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Record 1 2011-01-05


Subject field(s)
  • Biological Sciences

Distinct polypeptide chain in which lies the domain accommodating the catalytic site of complex enzymes. It is completely separated from the domain building up the binding site for the regulatory effector(s). From an evolutionary viewpoint, it is probable that gene fusion did occur in most cases rather than that originally continuous polypeptide chains have separated. In some oligomeric enzymes the allosteric site may have appeared as a result of gene duplication, e.g. in glutamate dehydrogenase and glyceraldehyde-3-phosphate dehydrogenase, whereas in others by acquisition of a foreign structural gene, e.g. the NAD-binding domain in glycogen phosphorylase. However, in present day complex enzymes the catalytic and regulatory protein units remained separate, but associable, entities.


The ATCase of E. coli has ... a molecular weight of about 310,000 but can be dissociated by treatment with mercurial reagents to yield two identical catalytic subunits and three identical regulatory subunits. Each of the two catalytic subunits has a molecular weight of about 100,000 and contains three polypeptide chains of molecular weight 34,000 called C chains. Each catalytic subunit contains three binding sites for the substrate aspartate, one on each of the three C chains. The catalytic subunits have enzymatic activity but are not sensitive to the modulator CTP.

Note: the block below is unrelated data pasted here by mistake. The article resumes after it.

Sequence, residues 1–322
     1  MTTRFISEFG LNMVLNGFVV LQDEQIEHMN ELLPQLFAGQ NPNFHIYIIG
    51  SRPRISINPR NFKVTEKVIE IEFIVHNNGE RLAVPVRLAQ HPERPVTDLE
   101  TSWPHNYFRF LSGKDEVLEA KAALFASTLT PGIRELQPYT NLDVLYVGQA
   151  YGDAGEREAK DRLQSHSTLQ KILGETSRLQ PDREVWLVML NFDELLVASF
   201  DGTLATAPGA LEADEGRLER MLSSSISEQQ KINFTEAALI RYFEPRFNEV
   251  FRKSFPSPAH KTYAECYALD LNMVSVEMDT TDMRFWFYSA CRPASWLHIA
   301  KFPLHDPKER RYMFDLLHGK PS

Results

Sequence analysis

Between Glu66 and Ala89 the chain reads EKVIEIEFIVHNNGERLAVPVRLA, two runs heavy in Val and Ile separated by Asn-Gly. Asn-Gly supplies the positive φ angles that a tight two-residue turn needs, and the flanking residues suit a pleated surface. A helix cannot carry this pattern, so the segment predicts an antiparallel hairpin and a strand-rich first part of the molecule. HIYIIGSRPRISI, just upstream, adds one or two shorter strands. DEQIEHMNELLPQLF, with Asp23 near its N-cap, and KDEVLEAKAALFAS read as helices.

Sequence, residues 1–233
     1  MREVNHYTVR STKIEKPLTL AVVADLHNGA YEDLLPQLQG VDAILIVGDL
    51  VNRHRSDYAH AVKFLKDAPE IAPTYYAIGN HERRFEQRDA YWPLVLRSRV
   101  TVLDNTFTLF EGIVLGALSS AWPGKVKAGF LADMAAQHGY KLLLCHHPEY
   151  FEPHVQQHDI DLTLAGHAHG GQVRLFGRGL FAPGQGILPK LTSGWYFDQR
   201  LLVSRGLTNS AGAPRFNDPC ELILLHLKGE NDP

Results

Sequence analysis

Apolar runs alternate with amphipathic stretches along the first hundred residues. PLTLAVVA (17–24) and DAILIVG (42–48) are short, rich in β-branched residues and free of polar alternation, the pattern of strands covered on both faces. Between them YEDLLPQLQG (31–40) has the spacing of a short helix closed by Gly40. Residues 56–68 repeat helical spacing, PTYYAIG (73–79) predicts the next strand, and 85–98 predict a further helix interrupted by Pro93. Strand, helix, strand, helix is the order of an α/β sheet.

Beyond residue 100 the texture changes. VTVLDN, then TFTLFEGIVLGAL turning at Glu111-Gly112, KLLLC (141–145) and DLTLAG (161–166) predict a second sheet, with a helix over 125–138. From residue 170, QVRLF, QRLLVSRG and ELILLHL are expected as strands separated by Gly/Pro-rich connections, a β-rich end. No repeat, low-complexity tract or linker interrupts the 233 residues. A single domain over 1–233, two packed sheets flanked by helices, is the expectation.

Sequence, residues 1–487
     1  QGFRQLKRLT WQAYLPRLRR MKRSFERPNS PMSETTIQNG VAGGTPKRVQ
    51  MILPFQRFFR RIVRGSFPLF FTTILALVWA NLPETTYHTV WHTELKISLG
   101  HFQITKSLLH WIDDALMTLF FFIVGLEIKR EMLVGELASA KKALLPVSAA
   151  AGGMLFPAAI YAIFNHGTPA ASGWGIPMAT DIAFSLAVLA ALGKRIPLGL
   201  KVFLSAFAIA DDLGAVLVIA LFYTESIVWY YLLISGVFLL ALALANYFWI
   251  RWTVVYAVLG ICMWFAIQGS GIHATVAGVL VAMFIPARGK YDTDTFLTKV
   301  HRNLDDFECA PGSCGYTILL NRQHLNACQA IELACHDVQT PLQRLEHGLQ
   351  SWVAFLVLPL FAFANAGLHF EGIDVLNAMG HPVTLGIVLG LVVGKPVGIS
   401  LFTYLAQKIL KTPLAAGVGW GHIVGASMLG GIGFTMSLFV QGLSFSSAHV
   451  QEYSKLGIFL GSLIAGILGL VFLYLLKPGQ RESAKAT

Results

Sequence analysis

• Sciences biologiques

Lorsque la molécule native d'ATCase est dissociée en un mélange de ses sous-unités catalytiques et régulatrices, ce mélange fait toujours montre d'activité catalytique, mais la réaction n'est pas inhibée par le CTP tant que les sous-unités catalytiques et régulatrices sont séparées les unes des autres. Pour que l'inhibition par le CTP puisse avoir lieu, il faut que les sous-unités catalytiques et régulatrices soient physiquement associées dans la molécule oligomérique d'ATCase intacte.


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